• Every day, John volunteers to be the one to go get provisions for the family. He loves taking care of the family. He also enjoys hanging out with the Keeling kids – we get the vibe that being with them reminds him of his own childhood, because he says that he has to try not to think about Owen.
    • We go back to the summer of 1962. Dan gets in touch with John to tell him that he saw Owen standing in the gym and staring at the basketball hoop. This makes John miss Owen terribly.
    • John writes to Owen. Owen writes back and says he's convinced that they can get the shot down to under three seconds.
    • One day, Simon gets hurt while they are fishing and needs stitches. At the Emergency Room, the boys hear the news that Marilyn Monroe is dead.
    • John calls Owen and they talk about it. Owen makes an analogy between Marilyn Monroe and the United States – not quite old but not quite young, maybe just a little stupid, and possibly used by the powerful and influential members of society.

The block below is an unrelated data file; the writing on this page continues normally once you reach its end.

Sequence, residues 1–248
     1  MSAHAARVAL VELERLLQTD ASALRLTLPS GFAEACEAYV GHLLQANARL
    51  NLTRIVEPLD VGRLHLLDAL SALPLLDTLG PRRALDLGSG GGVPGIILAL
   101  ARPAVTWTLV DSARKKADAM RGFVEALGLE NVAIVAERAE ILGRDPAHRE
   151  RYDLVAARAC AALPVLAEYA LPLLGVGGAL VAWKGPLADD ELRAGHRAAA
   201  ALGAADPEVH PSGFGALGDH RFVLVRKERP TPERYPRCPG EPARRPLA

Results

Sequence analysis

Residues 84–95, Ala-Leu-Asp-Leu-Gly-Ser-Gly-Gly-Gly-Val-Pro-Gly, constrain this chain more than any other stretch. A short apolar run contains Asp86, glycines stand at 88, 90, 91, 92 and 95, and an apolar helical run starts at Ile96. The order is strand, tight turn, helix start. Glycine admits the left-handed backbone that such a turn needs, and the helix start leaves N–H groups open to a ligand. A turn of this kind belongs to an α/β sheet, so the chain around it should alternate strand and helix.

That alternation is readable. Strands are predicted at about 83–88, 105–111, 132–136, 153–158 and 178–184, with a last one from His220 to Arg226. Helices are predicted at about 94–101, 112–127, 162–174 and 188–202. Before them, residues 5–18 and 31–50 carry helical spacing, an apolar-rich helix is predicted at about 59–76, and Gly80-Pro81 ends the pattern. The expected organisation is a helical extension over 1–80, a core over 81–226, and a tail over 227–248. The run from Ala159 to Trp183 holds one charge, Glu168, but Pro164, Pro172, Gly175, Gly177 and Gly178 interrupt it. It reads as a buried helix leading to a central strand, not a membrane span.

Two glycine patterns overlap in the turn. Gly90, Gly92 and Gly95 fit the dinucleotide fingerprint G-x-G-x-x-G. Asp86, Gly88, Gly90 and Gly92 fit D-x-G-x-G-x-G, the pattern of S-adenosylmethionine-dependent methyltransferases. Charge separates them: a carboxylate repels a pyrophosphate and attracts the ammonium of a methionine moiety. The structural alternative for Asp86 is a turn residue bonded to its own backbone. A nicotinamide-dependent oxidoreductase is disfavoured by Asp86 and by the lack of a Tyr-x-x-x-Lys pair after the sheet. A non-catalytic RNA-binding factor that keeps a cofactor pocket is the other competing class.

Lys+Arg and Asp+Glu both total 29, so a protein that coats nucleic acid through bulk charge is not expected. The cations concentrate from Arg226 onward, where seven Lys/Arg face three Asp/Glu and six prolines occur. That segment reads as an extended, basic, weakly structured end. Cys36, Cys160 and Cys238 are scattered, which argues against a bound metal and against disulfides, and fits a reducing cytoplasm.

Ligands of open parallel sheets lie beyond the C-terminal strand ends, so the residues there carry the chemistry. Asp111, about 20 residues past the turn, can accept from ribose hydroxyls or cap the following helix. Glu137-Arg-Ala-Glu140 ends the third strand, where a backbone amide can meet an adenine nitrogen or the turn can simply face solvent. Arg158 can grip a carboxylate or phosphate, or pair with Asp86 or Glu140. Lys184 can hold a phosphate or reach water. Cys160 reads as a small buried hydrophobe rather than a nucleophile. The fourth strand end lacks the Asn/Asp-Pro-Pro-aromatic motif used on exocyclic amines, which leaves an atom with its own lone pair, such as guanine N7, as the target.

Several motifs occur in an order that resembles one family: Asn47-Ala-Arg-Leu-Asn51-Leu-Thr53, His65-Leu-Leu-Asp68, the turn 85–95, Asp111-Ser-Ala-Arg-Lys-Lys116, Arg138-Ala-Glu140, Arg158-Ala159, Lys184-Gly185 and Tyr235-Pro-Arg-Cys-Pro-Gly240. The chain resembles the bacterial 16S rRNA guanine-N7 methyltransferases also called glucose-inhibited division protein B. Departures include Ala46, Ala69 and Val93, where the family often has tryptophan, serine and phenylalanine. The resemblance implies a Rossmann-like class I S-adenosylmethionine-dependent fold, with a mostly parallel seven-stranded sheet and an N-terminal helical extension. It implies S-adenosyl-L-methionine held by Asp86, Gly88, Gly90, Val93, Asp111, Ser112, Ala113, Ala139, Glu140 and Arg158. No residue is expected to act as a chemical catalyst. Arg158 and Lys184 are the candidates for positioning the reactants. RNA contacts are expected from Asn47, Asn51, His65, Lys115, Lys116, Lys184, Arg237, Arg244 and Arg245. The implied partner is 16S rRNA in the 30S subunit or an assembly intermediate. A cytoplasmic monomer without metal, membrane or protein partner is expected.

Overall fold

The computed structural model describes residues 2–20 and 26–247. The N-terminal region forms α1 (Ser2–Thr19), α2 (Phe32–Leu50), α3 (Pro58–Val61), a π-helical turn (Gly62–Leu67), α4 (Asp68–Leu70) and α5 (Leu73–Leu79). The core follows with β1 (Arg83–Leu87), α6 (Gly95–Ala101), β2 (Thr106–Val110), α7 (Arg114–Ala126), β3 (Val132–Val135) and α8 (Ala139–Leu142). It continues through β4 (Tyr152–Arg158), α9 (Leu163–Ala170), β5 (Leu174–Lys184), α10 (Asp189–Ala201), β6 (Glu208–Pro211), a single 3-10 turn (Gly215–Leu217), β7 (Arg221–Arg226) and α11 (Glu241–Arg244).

• Owen is convinced that everyone – he, John, and America in general – will be used. Hey, isn't that what he said about Jesus back during the Christmas pageant? Hmm.
    • Owen is also pretty sure that, if the United States gets rid of the draft, people won't care about politics anymore.
    • In the fall of 1962, Owen and John begin their freshman year at the University of New Hampshire. Both boys think that Gravesend Academy was way more demanding.
    • Owen starts getting kind of lazy – school is way too easy for him.
    • The Cuban Missile Crisis takes place. Owen argues that there is going to be a war soon, but it won't have anything to do with Cuba.
    • In the summer of 1963, John goes to work for Meany Granite. Owen and John start practicing the shot again, but they're way out of practice.
    • Mr. Meany assigns John to work the front of the shop selling gravestones to customers. Owen only comes in if it is raining or if he has a special gravestone to make – otherwise he works in the quarries. John notes that Owen is especially good with the diamond wheel, a tool that he uses to cut the granite.